30 January 2015

This 'n' That

Thinking of celebrating with a good,
old-fashioned roller skating party. Who's in?
A couple of days ago, I felt a little bit like celebrating. I finally completed a rather large project that I had been working on for months (okay, one year and a few months, but who's counting?). So, as you can imagine, it felt really wonderful to finish it and yet, at the same time, it felt a little anti-climactic. No confetti dropped from the ceiling, no streamers were thrown, no noisemakers were blasted. It just happened that, after months and months of studying and writing, I hit 'save' for the final time (or at least for the final time that I would be creating new content). It was a silent victory, but a victory nonetheless.

It made me think about the Kingdom, and about that coming day when believers will all stand before the Lord for a judgment of the works they did in this life (2 Corinthians 5:10). A judgment, not of our sin, but of the deeds and fruit that were wrought in us following our salvation. How many, I wondered, who have labored silently for the Lord here on this earth, will be given their reward by Christ Himself before the masses of the redeemed? The world may not celebrate their works, but the Lord knows.

Brethren, we do not have to be 'radical' to be faithful. We do not need to change a nation, or a city, or even a neighborhood. We do not need to draw circles, or brush the hair of strangers, or travel to a third-world country to dig wells to fulfill our calling. No, we are to be faithful where God has placed us, and faithful to heed His call in whatever ministry He would graciously grant to us. Is that ministry your family? Praise God. Is that ministry a church? Praise God. Is that ministry your coworkers? Praise God. Is that ministry your neighbor? Praise God. Regardless of where​ your ministry is or to whom it is directed, the purpose of all of our ministries is the same: To unashamedly call people to repentance and faith in Jesus Christ, and to glorify God and enjoy Him forever.

And what if it is difficult? What if sin continues to weigh you down? What if you are persecuted?
Therefore, since we have so great a cloud of witnesses surrounding us, let us also lay aside every encumbrance and the sin which so easily entangles us, and let us run with endurance the race that is set before us, fixing our eyes on Jesus, the author and perfecter of faith, who for the joy set before Him endured the cross, despising the shame, and has sat down at the right hand of the throne of God. For consider Him who has endured such hostility by sinners against Himself, so that you will not grow weary and lose heart. (Hebrews 12:1–3)
Run on, brothers and sisters, and run well. But don't forget to pause for a moment so you can enjoy your week in review (kind of):
  • Julia at Steak and a Bible discusses the 'attractional' church model.
  • You have to love this reasoning: "Not only has the Holy Spirit inspired the written Word, but He also inspires fresh words to this day. Such words never carry the same level of authority as the written Word, but that does not invalidate them." Can someone please answer the question I keep asking: When and how does God, the King and Creator, ever speak less authoritatively?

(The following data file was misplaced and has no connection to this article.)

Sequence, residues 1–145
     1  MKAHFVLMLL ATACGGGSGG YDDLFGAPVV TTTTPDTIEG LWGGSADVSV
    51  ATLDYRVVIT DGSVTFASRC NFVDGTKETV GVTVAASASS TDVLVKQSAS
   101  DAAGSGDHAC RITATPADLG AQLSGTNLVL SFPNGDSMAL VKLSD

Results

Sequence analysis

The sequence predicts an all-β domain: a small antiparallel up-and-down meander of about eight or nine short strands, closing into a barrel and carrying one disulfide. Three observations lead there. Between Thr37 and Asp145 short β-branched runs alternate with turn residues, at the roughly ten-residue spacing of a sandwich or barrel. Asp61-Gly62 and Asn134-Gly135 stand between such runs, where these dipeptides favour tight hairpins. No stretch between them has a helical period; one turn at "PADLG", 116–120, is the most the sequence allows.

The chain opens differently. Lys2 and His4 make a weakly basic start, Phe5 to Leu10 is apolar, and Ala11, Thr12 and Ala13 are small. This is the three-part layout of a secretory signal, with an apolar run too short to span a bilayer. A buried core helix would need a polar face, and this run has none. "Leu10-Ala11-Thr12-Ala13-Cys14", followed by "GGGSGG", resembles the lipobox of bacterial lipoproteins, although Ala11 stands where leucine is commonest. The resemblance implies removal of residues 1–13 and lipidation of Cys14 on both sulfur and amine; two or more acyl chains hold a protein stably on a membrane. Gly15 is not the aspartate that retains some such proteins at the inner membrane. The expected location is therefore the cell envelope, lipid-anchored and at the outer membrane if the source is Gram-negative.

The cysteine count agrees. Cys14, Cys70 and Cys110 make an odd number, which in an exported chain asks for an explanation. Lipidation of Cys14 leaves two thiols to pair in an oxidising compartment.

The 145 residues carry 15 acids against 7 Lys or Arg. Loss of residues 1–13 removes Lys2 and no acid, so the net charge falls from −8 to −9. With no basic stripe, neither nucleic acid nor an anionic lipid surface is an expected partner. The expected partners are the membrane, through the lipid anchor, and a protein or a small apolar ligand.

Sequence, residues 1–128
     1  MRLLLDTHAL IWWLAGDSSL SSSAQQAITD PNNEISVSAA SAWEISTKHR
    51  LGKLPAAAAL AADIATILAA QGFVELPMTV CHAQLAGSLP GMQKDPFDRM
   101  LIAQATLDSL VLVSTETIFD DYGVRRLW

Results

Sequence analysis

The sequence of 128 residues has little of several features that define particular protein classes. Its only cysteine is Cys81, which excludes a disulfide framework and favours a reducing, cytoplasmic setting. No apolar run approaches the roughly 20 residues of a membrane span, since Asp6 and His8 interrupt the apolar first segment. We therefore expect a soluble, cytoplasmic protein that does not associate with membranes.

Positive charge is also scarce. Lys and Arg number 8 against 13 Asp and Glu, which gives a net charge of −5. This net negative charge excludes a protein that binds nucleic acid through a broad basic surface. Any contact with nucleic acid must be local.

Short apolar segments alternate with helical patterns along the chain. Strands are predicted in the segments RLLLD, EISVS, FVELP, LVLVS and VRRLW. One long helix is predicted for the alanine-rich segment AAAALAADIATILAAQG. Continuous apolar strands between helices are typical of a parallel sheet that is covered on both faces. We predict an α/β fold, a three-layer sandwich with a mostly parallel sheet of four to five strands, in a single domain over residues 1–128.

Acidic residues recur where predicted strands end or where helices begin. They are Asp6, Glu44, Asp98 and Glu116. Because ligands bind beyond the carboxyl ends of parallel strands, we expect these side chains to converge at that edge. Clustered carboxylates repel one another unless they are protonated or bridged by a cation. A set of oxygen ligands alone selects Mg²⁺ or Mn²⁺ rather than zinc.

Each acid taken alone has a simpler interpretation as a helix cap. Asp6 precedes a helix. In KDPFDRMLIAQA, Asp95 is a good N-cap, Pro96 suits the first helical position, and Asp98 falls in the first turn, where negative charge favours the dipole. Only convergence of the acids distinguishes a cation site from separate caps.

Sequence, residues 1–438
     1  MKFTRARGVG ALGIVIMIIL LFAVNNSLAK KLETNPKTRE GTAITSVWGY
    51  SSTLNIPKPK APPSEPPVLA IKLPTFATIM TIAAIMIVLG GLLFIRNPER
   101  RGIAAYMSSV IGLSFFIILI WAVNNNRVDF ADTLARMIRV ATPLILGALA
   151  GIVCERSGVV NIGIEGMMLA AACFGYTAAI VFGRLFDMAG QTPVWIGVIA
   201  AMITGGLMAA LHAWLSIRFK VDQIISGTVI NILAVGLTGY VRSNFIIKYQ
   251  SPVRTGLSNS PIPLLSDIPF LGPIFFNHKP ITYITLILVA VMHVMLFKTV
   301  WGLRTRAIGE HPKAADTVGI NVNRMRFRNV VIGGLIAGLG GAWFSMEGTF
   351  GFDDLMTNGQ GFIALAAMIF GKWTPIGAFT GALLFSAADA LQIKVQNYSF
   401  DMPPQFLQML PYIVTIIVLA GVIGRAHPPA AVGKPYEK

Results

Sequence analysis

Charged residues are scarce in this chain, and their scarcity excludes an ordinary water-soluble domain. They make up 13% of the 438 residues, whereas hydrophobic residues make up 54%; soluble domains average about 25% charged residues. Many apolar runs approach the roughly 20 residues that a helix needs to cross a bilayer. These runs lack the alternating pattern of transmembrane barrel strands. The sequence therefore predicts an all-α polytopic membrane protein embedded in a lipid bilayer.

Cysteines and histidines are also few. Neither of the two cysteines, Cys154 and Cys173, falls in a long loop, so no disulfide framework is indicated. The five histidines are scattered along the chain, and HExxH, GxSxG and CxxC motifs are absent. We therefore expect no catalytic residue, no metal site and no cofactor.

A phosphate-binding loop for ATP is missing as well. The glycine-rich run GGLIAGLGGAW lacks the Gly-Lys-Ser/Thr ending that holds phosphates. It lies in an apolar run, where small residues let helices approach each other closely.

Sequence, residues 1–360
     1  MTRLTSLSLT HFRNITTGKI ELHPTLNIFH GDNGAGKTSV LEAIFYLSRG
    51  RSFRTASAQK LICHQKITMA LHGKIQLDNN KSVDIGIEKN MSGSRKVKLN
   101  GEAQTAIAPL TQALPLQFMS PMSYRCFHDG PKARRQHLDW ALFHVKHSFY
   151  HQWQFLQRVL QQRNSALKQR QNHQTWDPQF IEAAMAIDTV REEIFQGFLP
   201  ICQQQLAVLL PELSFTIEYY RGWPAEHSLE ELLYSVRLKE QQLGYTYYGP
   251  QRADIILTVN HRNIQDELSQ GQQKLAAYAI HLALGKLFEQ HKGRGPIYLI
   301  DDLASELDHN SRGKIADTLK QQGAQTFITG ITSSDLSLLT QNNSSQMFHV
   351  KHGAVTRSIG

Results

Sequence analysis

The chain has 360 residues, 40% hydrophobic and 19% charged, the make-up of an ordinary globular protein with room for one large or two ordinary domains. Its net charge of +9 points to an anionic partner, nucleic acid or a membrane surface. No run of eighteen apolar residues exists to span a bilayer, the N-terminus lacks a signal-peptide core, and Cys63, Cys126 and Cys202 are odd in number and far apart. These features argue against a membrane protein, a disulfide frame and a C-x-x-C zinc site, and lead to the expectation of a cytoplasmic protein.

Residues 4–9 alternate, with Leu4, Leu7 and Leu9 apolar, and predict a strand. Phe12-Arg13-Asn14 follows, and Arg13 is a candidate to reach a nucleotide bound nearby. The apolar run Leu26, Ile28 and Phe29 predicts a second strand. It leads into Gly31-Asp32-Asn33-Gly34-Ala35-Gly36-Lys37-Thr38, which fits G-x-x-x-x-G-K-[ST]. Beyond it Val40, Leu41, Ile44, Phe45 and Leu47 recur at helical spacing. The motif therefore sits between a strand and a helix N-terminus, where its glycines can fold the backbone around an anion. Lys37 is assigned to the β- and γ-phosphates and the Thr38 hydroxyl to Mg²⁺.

• Here's your weekly dose of adorable (thanks, Jason!).
  • One of the clearest, earliest summaries of Christian beliefs.
  • Repentance is missing from preaching today.
  • This is the newest book added to my wish list, and the Kindle edition is at an exceptionally good price right now. This means, of course, that it won't be on my wish list for long. Soon it will be in my Kindle library.
  • Why Steve Lawson has a portrait of William Tyndale hanging in his study (this article is an excerpt from the book linked above).
  • This week marked the 70th anniversary of the liberation of Auschwitz.
  • Don't blame Perry Noble.
  • Nate Busenitz tackles biblical prophecy. Or rather, tackles attacks on biblical prophecy.
  • Did you, like me, miss the Sufficient Fire conference? Relive it.
  • Um…I don't even know what to do with this.
  • So...Justin Taylor at The Gospel Coalition wants to give you some 'biblical' reasons to doubt the 24-hour days of creation. Okay, who was surprised to see this article over at TGC?…Anyone?…Bueller?
  • I'm with Pastor Norman—please stop the 50 Shades of Grey sermons!
  • The Savior's love for His own:
photo credit: przybysz via photopin cc


  1. No, Erin, the "Gospel" Coalition's propagandist piece did not surprise me one bit. One word: Keller. Two words: Social Gospel. Three words: Avoid them totally.

    1. I agree with you. Tim Keller is a co-founder of the Gospel coalition and for awhile has been espousing mysticism along with many aberrant teachings

  2. I followed the link to the Sufficient Fire Conference and from there to the link to Phil Johnson's sermon on "The Still, Small Voice". What a great sermon. I would encourage everyone to listen.

    - Deborah

  3. Morris definitively not mini given what he scams out of naive and gullible.

  4. Thank you for e-mailing me ThisNThat every week. I appreciate getting it. Joe Moore

  5. Erin, Justin Taylor's explanation of 24 hour day is confusing, meaning God and His Word is also very confusing, which means He must be the author of confusion. (OK, that is overstated!) God's Word must not really be intended for the masses, but only for scholars who can understand and interpret for the masses. I realize I do not understand perfectly God's Holy Writ, but I do know what a day is...


Please keep it pithy (in other words, if your comment is long enough to be its own blog post, don't bother), pertinent (please don't go off-topic), and respectful (to the author, to the other readers, and to the subject of the post). If you can't do that, your comment will not be posted.

If you haven't already, please read the Comment Policy in its entirety.